James R. Gregory invites his students to bridge different new media in his Technical Communication classroom. In this example, he guides them toward thinking about how LinkedIn and Twitter can be made to work together.
The following steps outline a semester-long 3403 activity using LinkedIn and Twitter. It might be possible to port elements of this activity into an 1101 or 1102 classroom as well.
1. Require students to create LinkedIn and Twitter profiles. Have students list their Twitter ID on their LinkedIn profile. (Lynda.com has tutorials on using all the basic elements of LinkedIn and Twitter, including the creation of profiles).
2. Assuming that all 3403 courses cover resumes, assess the students’ LinkedIn profiles as a resume-type professional document while working through the resume unit. Discuss issues of presentation and format, as well as the repurposing or reuse of information on websites with relatively tight formatting restrictions. Discuss the benefits of open vs. closed networking approaches to LinkedIn.
3. Require the students to find and join professional groups within their industry on LinkedIn. They can also follow companies.
4. Require students to begin posting or responding to questions and discussion feeds in these professional groups.
5. Require students to tweet, once per week, an article, blog post, or other point of interest related to or stemming from their activity in their LinkedIn group(s).
6. By the end of the semester, require students to have expanded their LinkedIn network to a predetermined point, to have contacted established professional(s) in their field for informational interviewing, and/or to have added one major new accomplishment or skill to their LinkedIn profile/resume, all while they have been developing a professional online presence through LinkedIn and Twitter.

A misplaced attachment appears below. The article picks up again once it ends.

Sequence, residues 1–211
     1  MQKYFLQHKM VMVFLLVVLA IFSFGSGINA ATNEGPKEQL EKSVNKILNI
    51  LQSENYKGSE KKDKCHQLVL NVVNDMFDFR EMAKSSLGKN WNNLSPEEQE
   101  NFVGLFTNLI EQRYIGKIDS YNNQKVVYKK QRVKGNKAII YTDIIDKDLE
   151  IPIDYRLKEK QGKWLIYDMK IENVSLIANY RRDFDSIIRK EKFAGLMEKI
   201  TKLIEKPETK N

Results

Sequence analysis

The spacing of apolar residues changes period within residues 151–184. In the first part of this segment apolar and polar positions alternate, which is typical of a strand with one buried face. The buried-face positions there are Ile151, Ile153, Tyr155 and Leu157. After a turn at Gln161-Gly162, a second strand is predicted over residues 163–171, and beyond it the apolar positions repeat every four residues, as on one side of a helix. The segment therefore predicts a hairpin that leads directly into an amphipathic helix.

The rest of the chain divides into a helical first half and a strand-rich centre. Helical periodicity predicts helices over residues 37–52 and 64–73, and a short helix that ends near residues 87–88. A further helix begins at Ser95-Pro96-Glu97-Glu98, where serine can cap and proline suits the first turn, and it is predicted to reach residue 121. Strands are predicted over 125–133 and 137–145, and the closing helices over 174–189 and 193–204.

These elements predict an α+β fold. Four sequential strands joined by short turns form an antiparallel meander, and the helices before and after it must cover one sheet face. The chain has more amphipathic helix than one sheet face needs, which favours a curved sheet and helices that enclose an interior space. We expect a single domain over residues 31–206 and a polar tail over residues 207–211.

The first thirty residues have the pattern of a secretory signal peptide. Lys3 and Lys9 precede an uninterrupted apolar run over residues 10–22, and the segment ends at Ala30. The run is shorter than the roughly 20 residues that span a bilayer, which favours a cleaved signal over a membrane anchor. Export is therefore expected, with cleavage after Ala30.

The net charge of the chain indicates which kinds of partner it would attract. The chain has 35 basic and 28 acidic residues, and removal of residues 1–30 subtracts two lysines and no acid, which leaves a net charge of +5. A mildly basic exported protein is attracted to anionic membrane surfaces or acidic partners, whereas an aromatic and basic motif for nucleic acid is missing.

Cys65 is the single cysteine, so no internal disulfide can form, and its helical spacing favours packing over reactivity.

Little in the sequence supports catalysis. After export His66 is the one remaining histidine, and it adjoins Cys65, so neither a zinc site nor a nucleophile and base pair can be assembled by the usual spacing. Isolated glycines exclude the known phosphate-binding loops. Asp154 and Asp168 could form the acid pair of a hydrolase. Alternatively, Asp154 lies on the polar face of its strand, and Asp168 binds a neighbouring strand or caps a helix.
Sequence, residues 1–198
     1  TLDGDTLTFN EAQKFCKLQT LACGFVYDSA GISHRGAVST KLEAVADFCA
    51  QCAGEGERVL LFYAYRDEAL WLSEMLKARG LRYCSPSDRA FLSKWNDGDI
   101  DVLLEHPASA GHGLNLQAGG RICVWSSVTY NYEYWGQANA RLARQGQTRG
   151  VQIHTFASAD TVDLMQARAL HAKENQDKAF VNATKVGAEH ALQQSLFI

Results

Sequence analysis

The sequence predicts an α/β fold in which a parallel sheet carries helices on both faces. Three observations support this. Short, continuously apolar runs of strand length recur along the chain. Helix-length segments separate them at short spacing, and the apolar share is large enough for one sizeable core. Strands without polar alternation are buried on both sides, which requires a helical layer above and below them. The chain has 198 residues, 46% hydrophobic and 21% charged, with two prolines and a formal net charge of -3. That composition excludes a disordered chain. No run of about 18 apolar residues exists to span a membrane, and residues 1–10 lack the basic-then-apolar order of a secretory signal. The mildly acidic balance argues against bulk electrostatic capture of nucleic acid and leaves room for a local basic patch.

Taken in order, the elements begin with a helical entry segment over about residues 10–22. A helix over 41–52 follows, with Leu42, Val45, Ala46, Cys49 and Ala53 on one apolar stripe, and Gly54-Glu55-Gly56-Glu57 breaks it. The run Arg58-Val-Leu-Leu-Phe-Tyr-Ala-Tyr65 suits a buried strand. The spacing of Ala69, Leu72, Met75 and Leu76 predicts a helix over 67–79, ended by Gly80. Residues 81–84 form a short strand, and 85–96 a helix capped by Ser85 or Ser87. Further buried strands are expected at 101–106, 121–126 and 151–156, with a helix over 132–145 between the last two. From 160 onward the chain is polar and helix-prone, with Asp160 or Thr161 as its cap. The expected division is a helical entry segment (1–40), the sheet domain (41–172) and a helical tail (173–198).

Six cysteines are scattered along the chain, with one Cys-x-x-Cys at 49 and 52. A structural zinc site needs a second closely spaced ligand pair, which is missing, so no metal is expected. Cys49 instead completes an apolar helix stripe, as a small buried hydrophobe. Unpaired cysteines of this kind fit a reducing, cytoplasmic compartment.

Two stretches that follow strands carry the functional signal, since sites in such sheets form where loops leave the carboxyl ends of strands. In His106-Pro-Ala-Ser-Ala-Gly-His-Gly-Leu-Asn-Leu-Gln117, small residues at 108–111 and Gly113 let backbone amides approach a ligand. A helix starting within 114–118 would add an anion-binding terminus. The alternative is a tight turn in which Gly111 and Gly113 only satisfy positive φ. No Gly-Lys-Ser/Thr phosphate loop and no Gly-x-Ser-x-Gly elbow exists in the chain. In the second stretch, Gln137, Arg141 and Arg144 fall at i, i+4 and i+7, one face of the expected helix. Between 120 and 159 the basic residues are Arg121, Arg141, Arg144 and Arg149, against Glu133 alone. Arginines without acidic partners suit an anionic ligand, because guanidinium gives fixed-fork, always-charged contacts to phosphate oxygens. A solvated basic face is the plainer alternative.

The Twitter feed would be the way to keep track of the students’ involvement with their LinkedIn groups without having to force the instructor to subscribe to and check each group individually. The Lynda.com tutorials are a way to boost Institute use of Lynda.com and using them would prevent instructors from having to teach basic LinkedIn skills in the classroom–we could just assign the tutorials and then work through higher level concerns related to LinkedIn and Twitter during our class sessions. It might even be possible to engage in backchanneling during a class session or two, or else to have students networking or conversing with industry contacts during class time as part of a focused project or discussion.
To Begin our Discussion:
Let’s take 10 minutes to each comment on this TechStyle post with a comment and a question relating to new media. You can share an assignment idea. You can share an experience you have had with new media that is relevant to our pedagogical discussion. You can ask a nuts-and-bolts question about using new media in the classroom. Anything relating to new media pedagogy is fair game. We will return to these during our discussion.